Quality Upland Cotton Fibers

The best linens are made from the best fibers. There is a whole classing system for cotton fibers and we are pretty proud of how our 2015 crop measured up! Below are explanations of each classing category and how our quality cotton fibers ranked. 

Red Land Cotton Fiber Strength - 31.93

scale:  strong: 31 & above  —  weak: 23 & below

Strength measurements are reported in grams per tex. A "tex" unit is equal to the weight in grams of 1,000 meters of fibers. Sooo... the fiber strength is determined by the force (in grams) that is takes to break a bundle of fibers one "tex" unit in size. Fiber strength directly influences the strength of the spun yarn and as a result, the durability of your final product. We grow em strong in North Alabama!

Red Land Cotton Micronaire - 4.51

readings of 3.5 - 3.6 or 4.3 - 4.9 is a good base measurement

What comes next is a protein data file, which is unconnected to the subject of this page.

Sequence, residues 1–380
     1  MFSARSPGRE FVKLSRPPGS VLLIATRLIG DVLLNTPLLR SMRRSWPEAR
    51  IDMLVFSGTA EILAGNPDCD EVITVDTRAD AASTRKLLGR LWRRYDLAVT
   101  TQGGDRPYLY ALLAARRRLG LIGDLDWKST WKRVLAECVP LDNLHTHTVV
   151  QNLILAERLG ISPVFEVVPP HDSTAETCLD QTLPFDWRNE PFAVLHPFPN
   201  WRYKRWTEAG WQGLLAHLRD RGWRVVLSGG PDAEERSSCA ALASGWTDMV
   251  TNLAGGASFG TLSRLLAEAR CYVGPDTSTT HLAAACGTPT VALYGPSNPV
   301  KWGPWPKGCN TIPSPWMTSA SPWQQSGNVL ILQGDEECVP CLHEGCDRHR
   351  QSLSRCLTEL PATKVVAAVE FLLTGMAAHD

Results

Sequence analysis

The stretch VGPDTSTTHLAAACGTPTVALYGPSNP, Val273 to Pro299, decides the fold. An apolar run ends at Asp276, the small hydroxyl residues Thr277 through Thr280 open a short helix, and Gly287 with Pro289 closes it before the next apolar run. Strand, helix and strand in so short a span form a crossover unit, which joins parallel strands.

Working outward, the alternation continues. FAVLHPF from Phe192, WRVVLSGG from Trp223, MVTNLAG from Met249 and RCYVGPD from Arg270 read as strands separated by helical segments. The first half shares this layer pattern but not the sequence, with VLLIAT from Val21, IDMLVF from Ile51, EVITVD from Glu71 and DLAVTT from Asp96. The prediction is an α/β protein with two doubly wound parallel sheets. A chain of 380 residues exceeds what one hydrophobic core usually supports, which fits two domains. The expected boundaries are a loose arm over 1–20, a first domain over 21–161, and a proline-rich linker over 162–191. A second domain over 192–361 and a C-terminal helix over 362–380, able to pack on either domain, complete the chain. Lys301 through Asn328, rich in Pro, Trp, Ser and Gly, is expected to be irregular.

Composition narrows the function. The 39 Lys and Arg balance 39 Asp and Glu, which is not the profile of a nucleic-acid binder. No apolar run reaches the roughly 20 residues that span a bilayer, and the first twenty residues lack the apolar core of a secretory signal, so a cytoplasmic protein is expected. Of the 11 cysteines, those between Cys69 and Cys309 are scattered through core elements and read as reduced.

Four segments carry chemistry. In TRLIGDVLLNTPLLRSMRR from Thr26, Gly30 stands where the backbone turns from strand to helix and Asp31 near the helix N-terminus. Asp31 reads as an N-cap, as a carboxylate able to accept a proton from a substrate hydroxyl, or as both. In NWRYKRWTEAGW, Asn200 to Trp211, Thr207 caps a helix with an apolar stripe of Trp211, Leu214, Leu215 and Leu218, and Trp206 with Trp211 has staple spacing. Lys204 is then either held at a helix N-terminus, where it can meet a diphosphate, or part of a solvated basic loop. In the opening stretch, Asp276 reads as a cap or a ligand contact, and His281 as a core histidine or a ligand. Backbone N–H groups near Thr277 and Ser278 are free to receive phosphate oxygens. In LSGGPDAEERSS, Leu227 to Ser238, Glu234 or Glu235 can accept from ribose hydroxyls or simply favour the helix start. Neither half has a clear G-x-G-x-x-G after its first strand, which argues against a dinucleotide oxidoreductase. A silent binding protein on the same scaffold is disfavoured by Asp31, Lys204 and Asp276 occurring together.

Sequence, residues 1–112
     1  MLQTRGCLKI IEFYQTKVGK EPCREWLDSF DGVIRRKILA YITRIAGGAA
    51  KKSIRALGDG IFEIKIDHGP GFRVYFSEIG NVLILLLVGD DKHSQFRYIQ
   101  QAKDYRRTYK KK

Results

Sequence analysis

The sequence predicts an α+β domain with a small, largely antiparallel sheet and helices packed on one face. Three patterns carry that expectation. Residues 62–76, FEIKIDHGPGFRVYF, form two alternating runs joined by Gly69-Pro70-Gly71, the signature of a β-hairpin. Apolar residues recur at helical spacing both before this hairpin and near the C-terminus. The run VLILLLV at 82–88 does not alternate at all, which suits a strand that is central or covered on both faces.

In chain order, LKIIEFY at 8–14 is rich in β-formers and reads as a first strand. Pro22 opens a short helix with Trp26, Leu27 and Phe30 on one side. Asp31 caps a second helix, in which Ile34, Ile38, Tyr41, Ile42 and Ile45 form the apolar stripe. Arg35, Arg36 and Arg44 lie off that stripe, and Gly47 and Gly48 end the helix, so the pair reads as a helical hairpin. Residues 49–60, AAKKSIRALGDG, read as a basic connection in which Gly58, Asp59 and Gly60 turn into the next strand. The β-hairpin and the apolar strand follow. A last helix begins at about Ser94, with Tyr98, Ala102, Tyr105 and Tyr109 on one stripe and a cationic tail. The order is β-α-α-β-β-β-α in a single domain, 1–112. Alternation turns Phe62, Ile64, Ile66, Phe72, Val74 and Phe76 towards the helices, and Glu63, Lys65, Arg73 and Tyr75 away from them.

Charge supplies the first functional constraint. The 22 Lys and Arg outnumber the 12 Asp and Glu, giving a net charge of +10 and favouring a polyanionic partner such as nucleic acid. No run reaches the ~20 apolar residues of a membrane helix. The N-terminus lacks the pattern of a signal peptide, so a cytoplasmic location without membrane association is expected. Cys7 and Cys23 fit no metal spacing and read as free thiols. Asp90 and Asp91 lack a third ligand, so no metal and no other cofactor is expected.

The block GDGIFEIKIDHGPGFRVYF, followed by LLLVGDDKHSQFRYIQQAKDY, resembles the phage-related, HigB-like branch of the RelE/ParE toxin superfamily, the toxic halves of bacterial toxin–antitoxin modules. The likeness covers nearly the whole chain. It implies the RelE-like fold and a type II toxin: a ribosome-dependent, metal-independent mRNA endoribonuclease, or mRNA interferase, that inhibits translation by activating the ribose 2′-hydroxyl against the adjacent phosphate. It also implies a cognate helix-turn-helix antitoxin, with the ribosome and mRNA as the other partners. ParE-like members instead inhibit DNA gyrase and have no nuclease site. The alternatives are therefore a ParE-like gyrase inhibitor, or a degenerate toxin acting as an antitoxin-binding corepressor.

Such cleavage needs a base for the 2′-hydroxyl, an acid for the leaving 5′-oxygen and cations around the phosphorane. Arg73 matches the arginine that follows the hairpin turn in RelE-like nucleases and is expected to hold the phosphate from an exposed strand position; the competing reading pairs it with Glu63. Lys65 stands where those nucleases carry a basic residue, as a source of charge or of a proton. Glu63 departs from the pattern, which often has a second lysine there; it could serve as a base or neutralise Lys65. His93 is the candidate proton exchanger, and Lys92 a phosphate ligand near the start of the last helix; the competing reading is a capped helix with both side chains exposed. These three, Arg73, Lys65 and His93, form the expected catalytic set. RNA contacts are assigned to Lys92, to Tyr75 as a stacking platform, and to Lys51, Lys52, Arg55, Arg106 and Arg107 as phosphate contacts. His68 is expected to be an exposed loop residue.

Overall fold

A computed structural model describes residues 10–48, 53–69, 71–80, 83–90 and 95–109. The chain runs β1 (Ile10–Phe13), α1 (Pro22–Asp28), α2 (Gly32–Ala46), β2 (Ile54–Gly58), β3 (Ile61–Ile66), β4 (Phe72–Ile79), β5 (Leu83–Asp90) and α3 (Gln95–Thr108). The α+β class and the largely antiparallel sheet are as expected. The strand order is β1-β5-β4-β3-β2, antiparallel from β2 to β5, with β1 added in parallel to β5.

Micronaire is a measure of fiber fineness and maturity. It is a critical measurement in determining how easily cotton fiber can be processed... of all the measurements, this may be the most important. An airflow instrument is used to measure the air permeability of a constant mass of cotton fibers compressed to a fixed volume. When the measurement comes in too low (too thin), the cotton is more likely to tangle around debris, resulting in fiber loss. When it is too high (too thick), it also causes problems since a coarser fiber negatively affects the spinning process, as well as overall quality. 

Red Land Cotton Length Uniformity: 82.02%

scale: low: 77 & below  — high: 85 & above

Length uniformity is a lot like what it sounds like! It is the ratio between the mean length and the upper half mean length of the fibers, expressed as a percentage. Length Uniformity affects both evenness and strength of the resulting yarn. Cotton with low uniformity is likely to have more short fibers and produce low-quality yarn. 

Red Land Cotton Leaf Grade: 3

scale: 1 (high) — 8 (low)

Leaf grade is a measure of the leaf content left in the cotton after being cleaned in the ginning process. Leaf content is affected by variety, harvest methods and harvesting conditions. From the manufacturing standpoint, leaf content is all waste and costly — so the less leaf the better. 

Red Land Cotton Color

based on this photo of our cotton during the lay down process... we'll let you decide!

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